By Sabrina Fatma Ahmad
From a model to an RJ to an actress with serious chops, Sarah Alam’s star has been continuously on the rise. She’s wrapped up 2022 with a starring role in Bodh, the Hoichoi series on everyone’s essential binge list. This month, she hopped on a call with MWB to talk about Bodh and beyond
There’s something mind-bending about celeb stalking online. By the time you’re on the phone calling them up for an interview, your research has made you feel like you already know them, but in reality, you’re still actually total strangers to one another, and having that epiphany can make things awkward real fast. But the same warm qualities that made Sarah Alam a VJ and RJ both, shone through from the first hello. We broke the ice by talking about her fur babies Azlan and Alayla, and then it was down to business as we got into Bodh.
Your character Srabonti is a badass lawyer who plays squash, drives a really cool car, stands up to criminals, and can quote the Penal Code chapter and verse off the top of her head. How did you prepare for such a role?
The first, and biggest change I had to make was to chop off my hair. There’s this thing in the legal circles – you can’t have long hair, because it looks “too feminine” and can be a distraction in the court, but you can’t cut it too short because that can make you look unapproachable, at least in our culture. So I had to say goodbye to my long hair and settle for a mid-length cut that was approachable, but also professional. Getting that haircut strangely made it easier for me to tap into Srabonti’s mindset – she’s a lot more on edge and stressed out than I am in real life.
Other than that, I spent the months of rehearsal time researching things like the jargon, observing my friends who are in the legal profession. I had to polish my driving skills, which had gone rusty because I didn’t own a car and therefore didn’t have much practice. For the last few weeks before we started shooting, I played a lot of badminton, because squash courts are a little hard to come by in Dhaka [laughs], and we transposed those skills into the squash scenes.
Because Srabonti is such a fierce feminist – and this is shown through some obvious signals such as her outspokenness, her tattoos, etc. – and our society isn’t exactly enamored of feminists like this, did you have to face any backlash?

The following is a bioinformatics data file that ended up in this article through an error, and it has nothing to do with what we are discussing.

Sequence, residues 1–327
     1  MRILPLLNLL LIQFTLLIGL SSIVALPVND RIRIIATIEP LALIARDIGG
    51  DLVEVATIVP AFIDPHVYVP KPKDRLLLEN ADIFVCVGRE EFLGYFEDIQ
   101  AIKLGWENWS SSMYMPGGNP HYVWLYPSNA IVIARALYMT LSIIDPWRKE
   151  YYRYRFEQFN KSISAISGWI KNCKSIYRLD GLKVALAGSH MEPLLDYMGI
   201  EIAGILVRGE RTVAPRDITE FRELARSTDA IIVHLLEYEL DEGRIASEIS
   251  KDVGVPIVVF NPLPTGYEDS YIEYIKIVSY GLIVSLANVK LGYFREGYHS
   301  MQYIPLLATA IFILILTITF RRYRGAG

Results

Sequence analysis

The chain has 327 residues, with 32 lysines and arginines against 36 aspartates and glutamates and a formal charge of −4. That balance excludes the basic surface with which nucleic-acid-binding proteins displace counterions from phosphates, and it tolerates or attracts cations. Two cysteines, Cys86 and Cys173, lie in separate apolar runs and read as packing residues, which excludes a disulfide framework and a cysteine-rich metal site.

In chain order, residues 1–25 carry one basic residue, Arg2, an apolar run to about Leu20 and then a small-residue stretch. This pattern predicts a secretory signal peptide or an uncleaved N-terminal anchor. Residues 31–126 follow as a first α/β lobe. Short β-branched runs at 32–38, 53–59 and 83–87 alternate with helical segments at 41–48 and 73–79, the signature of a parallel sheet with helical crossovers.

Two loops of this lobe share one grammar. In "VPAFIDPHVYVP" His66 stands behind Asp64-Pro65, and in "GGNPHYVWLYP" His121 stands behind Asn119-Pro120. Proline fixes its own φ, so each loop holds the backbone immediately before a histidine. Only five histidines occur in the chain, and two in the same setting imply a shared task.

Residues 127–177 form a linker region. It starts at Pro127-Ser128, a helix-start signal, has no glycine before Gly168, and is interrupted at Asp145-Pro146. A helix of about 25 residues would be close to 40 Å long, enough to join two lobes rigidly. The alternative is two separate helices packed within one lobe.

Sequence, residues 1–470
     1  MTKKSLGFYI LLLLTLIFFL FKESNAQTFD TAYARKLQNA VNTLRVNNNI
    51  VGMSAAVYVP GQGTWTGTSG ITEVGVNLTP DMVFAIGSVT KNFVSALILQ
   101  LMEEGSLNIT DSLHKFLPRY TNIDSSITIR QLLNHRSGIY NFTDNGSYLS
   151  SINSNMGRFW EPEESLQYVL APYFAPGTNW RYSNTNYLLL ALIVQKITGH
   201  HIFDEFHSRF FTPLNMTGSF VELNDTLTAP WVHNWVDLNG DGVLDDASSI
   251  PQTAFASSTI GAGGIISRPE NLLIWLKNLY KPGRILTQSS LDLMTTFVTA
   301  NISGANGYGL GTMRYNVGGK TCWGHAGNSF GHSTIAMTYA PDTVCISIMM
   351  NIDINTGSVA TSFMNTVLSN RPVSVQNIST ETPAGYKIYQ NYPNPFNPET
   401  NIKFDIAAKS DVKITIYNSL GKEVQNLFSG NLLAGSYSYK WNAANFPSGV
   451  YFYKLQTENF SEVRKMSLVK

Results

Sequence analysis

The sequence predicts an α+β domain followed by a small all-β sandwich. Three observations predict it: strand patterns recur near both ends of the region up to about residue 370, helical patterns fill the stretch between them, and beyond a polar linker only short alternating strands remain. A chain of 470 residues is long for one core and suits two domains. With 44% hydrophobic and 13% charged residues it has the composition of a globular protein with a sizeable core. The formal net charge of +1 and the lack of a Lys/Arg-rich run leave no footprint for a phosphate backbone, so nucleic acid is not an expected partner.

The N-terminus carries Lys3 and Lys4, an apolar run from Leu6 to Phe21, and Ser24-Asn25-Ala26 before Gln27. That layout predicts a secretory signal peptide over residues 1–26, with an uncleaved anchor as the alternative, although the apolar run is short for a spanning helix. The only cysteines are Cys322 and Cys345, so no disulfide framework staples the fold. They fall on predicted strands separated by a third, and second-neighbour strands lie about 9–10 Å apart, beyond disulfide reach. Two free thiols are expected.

Surprisingly, not really. I was bracing for this myself, but what really surprised me in a pleasant way is that overall the reception was positive. I think it’s because of the character’s strong relationship with her father, and the presence he had in her life, that shielded her, and to some extent, shielded me from criticism. Also, given her status and background, I think people felt her personality was expected. I am happy people are happy with my portrayal, because characters like Srabonti do exist in society!
Kudos on delivering a nuanced performance, though. I loved that Srabonti was brave and proactive when she had to be, but level headed enough to know when to stand back or step back and let the men take the lead. It’s so easy for these characters to become one-note.
Thank you. I am so grateful for my director (Amitabh Reza Chowdhury) and the writer (Rafiqul Islam) for writing such a great character for me to play.
You also had to portray very layered relationships in the story – from the love and frustration between Srabonti and Alamgir, to the toxicity with Tanvir, to the changing dynamics of your relationship with DBI Officer Ehsan. What was the dynamic like on set, when the cameras were off?
We had a lot of work to do to get into these roles. Shahjahan Shomrat, who is really such a happy, fun person in real life, had to transform into this annoying, oversmart person, the kind that makes you want to shut him up after five minutes of talking to him. [Laughs] Shomrat and I swapped scripts so we could really understand where each of our characters came from – why was Srabonti so on edge, why was Ehsan so sarcastic. And Afzal Bhai, he was so great, so patient with getting us to fit into our relationship dynamics with one another. He had such a gracious way of folding us into the roles, and letting us learn from his experience, and he didn’t do a single scene without the proper rehearsals. It helped that we had months of preparation before we went into shooting, so once the cameras started rolling, it felt very comfortable.
Do you feel like you’ve grown from acting in Bodh?
Definitely. Stepping into Srabonti’s shoes has made me feel like I can, and must stand up for the things I believe in.
You just finished shooting for a series on Chorki. Want to give us a taste of what to expect?
It’s a sitcom called Internsheep, set in an ad agency, where I play the role of a domineering lady boss, with a heart of gold. I guess some of the characteristics are similar to the role I played in Bodh, but this is a little more lighthearted, and a little more of a departure for me, so I am excited to see what everyone thinks.
Fashion Direction & Styling: Mahmudul Hasan Mukul
Photographer: Farabi Tamal
Make-up & Hair: Ferdous Ahsan Orko